In her recently published memoir, Treading Water at the Shark Cafe, Lyn describes supporting young peace activists from both sides of the conflict who were working to avert war in Kosovo. The Balkans Peace Teams assisted brave efforts by young people to bridge the growing divides. Then those peace efforts were smashed by the NATO bombing of Kosovo. Lyn witnessed how that bombing, though motivated by a desire to stop genocide, led to terrible destruction, social chaos, deaths, and the unleashing of increased levels of ethnic violence, previously restrained by fear of international reprisal. Many Albanians from Kosovo were temporarily forced into exile as refugees.


She and her fellow Peace Team members went on a speaking tour to give an inside view of what was happening. After the bombing, they worked to reconstruct the web of displaced young activists and peace workers who had been scattered, imprisoned, or sent into exile. Lyn saw brave humanitarian efforts to help the refugees and was able to assist a few people in difficult situations.  She saw how small efforts can make a big difference, but she also how people can be drawn in by destructive forces.

Her story is a witness to the terrible effects of violence, even that done in hopes of preventing further evils. It is also a witness to the way that God can work in people’s lives. It leaves the reader with awe at how the Spirit comes alive again and again in those who have hope for a better future and are willing to take the risk to follow the heart’s leading to help others.

Pixabay photo

Lyn’s unfolding leading has continued with the writing of her memoir, in which she shares what she witnessed and how she was changed.  Recently she came to speak at my Quaker Meeting. I also heard her give a talk at Pendle Hill Conference Center.  She’s an engaging and thought-provoking speaker.

A Leading of the Spirit: Witness to Peacemaking and War: Has God placed a concern in your heart? Have you followed a leading? How did it develop over time?

© 2018 Marcelle Martin

Find a Quaker Meeting near you: Quaker Finder

Our Life is Love: the Quaker Spiritual Journey, by Marcelle Martin, is available from Inner Light Books in hardback, paperback, and ebook. (An excerpt and a study guide are also available on that website.) The book was designed to be a resource for both individuals and groups to explore their spiritual experiences. It describes the journey of faithfulness that leads people to actively engage in God’s work of making this world a better place for all.

Marcelle Martin will serve as a core teacher in the upcoming 9-month Nurturing Faithfulness program, to be held online and at Woolman Hill Retreat Center in Massachusetts. Nurturing Faithfulness is a faith and leadership program designed to help Friends meet God more deeply, hone methods of discernment, reach for fuller faithfulness, and ultimately bring these gifts and strengthened abilities back to home meetings, and beyond. Program participants will become a community of practice to support each other in offering spiritual nurture and encouraging leadings, service, and faithful witness. August 2019 – May 2020

Below is a video in which past participants talk about the program:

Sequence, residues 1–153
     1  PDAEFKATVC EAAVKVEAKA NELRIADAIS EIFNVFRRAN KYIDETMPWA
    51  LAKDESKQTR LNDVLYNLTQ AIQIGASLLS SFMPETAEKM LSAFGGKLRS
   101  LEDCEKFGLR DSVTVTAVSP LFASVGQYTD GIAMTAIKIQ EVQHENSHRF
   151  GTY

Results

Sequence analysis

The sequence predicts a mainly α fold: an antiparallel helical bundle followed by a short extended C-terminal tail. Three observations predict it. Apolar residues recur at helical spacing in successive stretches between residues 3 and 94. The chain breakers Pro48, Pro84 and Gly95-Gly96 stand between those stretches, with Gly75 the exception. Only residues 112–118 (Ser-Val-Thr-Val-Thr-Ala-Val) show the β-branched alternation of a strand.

An information webinar is scheduled for the evening of January 22nd. For more information: http://woolmanhill.org/upcomingprograms/nurturingfaithfulness/#Informational-Video

About friendmarcelle

A Quaker writer, teacher, workshop leader, and spiritual director, I've traveled widely to facilitate workshops and retreats about the spiritual journey. I'm the author of Our Life is Love: The Quaker Spiritual Journey, and A Guide to Faithfulness Groups.
This entry was posted in Facing Life with Faith, Following a Leading, Quaker Faith Today, Working for Peace and Justice and tagged , , , , , , , , , , , , , , , , , , , . Bookmark the permalink.

6 Responses to A Leading of the Spirit: Witness to Peacemaking and War

  1. Homer A Wood says:

    How different the life lead by Spirit than the one most of us choose to lead. Thank you for your
    blessed message.

  2. Sam and Ruth Neff says:

    This article on Lyn Back’s experiences in Bosnia brought back to mind our two-week experience with an FOR delegation in Sanski Most and Prijedor in 1998, trying to help Bosnians separated and often persecuted during the war to become friends again. We remember bringing hesitant Bosnian Serb young adults to Sanski Most from Prijedor for a Sunday afternoon of music and conversation. For some it was their home and for others the neighboring city that they had been unable to visit for six years. We recall how, as the afternoon continued, all of them (Serbs and Muslims) asked to go into the city and participate in the “korzo”, the traditional Bosnian promenade on Sunday afternoon. We had a felt an inner satisfaction for having made this one step toward reconciliation possible for them, simply by providing a little space.

  3. Homer A Wood says:

    Reading your latest post renews, at least temporarily, the heaviness in my heart. It just seems that so many people in our world are in distress. My refrigerator is full, my cupboard holds much food,
    I have water to drink, I can control the temperature in my home, I can venture out without fear of being arrested or shot. I have a car, a computer, and on and on and on.
    I am very concerned about that which is happening at our highest level of government.
    Thank you for reminding me how fortunate I am.